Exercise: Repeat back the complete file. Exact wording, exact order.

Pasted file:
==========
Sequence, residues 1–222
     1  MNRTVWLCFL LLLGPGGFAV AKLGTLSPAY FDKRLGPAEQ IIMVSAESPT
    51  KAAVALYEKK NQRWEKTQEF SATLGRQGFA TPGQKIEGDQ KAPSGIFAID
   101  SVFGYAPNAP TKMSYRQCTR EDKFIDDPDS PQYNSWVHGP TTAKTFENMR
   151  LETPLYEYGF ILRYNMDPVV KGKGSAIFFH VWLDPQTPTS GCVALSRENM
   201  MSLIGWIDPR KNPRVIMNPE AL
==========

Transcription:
Sequence, residues 1–222
     1  MNRTVWLCFL LLLGPGGFAV AKLGTLSPAY FDKRLGPAEQ IIMVSAESPT
    51  KAAVALYEKK NQRWEKTQEF SATLGRQGFA TPGQKIEGDQ KAPSGIFAID
   101  SVFGYAPNAP TKMSYRQCTR EDKFIDDPDS PQYNSWVHGP TTAKTFENMR
   151  LETPLYEYGF ILRYNMDPVV KGKGSAIFFH VWLDPQTPTS GCVALSRENM
   201  MSLIGWIDPR KNPRVIMNPE AL